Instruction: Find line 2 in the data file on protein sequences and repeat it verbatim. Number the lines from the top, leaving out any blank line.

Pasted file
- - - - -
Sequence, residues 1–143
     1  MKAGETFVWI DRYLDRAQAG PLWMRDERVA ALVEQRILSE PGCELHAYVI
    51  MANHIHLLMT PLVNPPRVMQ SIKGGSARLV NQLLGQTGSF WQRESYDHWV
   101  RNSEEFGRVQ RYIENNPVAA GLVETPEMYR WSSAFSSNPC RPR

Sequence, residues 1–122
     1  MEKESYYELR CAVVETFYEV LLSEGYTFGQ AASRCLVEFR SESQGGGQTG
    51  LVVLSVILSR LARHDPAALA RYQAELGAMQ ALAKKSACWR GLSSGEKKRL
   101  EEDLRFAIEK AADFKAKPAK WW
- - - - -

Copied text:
     1  MKAGETFVWI DRYLDRAQAG PLWMRDERVA ALVEQRILSE PGCELHAYVI